Learners often talk of having good days, when they surprise themselves, and days when they take a step backwards. When the bad days start to heavily outnumber the good ones it spells bad news: progress stops, students give up, teachers lose students. We need to do all we can to identify and come to the aid of frustrated learners.
How can we spot frustration? Poor attendance is one possible sign. Some students speak up about their difficulties, but others simply silently melt away, and we need to keep a close eye on the attendance register to help identify these. Decreasing confidence is another indicator – like when a student who once seemed outgoing gradually but perceptibly becomes withdrawn, or over-anxious about mistakes. There may also be resentment directed at the teacher, or at other members of the class. Then there are students who never seem to be comfortable with the group and level they are placed in. The problem is that these symptoms of frustration all reduce even further the individual’s capacity to learn. So what should we do?
One option is to take a softly-softly approach, reducing expectations on the learner. Differentiating between stronger and slower students increases the planning burden, but is essential if any participants are getting left behind. It means planning realistic and attainable tasks for every individual. We could also consider pairing our self-doubters with weaker students, in the hope that they realise what they do know. For those learners who worry excessively about mistakes we can always reduce the amount of correction, and focus instead on offering plenty of praise for successfully completed tasks, focusing on the bigger picture.
Unfortunately, the true reasons behind lack of progress may not match a frustrated student’s own perceptions. Watch out in particular for those students who expect mastery of the language. Quite clearly, they are likely to be disappointed before too long. Some students may have been given a false impression of their level via previous assessments. So, it’s important to focus on diagnostic tasks which uncover true needs at the outset of the course, because where students have unrealistic expectations, promptly correcting their perception of what is attainable is only fair. If necessary, ask your school to provide a general summary of how many hours are needed to move up a level, based on many past students’ data. These may help to back up your assertions.
Some students may have been given a false impression of their level via previous assessments. So, it’s important to focus on diagnostic tasks which uncover true needs at the outset of the course, because where students have unrealistic expectations, promptly correcting their perception of what is attainable is only fair.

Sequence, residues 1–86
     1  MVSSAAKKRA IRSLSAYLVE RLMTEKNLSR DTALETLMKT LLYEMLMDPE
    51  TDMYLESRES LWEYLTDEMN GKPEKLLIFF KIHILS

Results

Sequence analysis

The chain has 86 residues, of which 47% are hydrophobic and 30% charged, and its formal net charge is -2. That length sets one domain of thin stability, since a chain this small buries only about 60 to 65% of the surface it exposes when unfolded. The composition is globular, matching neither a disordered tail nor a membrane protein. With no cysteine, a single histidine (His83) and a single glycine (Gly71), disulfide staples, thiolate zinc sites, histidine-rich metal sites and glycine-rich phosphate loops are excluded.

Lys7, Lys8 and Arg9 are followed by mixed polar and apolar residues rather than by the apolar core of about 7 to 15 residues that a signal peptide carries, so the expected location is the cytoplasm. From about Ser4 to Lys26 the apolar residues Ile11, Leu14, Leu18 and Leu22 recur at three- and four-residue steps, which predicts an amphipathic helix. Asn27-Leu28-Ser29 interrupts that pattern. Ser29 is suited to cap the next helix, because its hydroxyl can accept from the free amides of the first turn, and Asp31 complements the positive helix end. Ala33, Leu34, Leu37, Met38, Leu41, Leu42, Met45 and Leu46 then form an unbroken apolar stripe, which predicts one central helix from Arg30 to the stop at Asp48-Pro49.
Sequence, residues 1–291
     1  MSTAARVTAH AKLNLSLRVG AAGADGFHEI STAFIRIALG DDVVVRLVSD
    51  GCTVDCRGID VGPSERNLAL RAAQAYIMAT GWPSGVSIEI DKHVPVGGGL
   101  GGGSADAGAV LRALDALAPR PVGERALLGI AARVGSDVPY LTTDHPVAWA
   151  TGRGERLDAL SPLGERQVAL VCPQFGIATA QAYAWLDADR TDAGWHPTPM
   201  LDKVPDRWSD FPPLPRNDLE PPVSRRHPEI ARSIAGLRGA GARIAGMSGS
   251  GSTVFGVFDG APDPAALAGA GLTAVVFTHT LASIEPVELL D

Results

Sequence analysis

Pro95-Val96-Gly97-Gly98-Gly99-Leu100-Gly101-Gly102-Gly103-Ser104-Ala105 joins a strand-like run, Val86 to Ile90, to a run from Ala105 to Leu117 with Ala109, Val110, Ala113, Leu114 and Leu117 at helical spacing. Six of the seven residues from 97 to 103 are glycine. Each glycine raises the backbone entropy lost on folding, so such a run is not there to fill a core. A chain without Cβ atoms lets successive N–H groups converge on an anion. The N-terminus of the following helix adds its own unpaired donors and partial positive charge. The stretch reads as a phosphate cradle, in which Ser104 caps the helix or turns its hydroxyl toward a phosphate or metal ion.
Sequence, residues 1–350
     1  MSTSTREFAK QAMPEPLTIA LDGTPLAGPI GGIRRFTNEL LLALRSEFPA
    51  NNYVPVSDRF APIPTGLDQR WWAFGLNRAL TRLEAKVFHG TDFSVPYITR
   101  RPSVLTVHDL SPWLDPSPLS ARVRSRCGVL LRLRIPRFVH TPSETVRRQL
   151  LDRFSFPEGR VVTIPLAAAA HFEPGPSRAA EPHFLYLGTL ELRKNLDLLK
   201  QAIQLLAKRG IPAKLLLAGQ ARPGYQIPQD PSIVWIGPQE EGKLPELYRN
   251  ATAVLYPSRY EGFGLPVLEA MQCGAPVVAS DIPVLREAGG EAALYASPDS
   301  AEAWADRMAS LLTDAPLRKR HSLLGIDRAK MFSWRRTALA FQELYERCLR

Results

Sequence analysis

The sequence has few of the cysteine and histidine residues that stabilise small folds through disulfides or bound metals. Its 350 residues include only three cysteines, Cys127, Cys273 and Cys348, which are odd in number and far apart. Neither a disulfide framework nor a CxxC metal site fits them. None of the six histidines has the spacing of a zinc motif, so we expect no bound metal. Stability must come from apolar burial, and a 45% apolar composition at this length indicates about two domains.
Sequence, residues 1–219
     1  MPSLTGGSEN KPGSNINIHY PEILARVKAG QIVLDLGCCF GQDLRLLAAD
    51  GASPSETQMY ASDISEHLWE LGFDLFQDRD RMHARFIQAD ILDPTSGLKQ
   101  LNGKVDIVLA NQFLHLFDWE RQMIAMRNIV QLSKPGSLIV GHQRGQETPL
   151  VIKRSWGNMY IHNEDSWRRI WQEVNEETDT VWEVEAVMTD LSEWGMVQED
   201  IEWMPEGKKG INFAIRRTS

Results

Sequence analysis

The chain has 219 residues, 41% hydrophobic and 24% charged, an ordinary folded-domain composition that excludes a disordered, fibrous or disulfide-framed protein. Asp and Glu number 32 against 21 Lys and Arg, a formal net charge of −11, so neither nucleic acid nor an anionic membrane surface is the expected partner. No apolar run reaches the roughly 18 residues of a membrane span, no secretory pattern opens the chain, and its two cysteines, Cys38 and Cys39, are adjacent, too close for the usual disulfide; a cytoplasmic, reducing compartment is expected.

I once heard about an Afghan student in my school who, contrary to his teachers’ advice, had entered for FCE, and attained just 15%. He subsequently blamed the school. His level of attendance was sketchy, but what everyone agreed on was his potential: the problem was lack of effort. Many of us will have met such a person in class. In such cases why not take a different approach – push harder? Pair the learner with strong students that have high expectations. Insist on homework and integrate it into class activities so that there is a sense of responsibility. Try to make homework broader than simply exercises. Ask them to do research and report back on a topic. Hopefully this will be more motivating, involve more realistic language use, and may reflect the student’s interests. It also matters more if it isn’t done.
A minority of students put little cognitive effort into the learning process themselves. Some may be unable or unwilling to self-study. Others have the best intentions, but they simply don’t know how to go about learning. Whatever the reason, spending some time in class developing effective strategies for learning will be time well spent. Why not for instance show students the various ways they can record vocabulary? Many course books offer sections on learning skills: it’s well worth having a look at these.
Certain teachers seem to cater for certain learning styles, and hence suit certain students better. It’s a really good idea, then, to set up a time when student and teacher can discuss the failure to advance. From this meeting an individual learning plan can be set up involving targeted homework and areas to pay special attention to. Equally, the teacher has a better chance of incorporating the student’s needs into their planning and compensating for their learning style as much as possible.
As teachers we know that it’s not all plain sailing when it comes to language learning. Inevitably we will encounter learners that are frustrated at their slow progress. It’s unsettling if they point the finger of blame at us, but before we start beating our breast, it’s useful to take a step back. Tackle the root cause: by reducing pressure, or pushing harder, by managing expectations, by including learner training, and listening to concerns. Who could ask for more?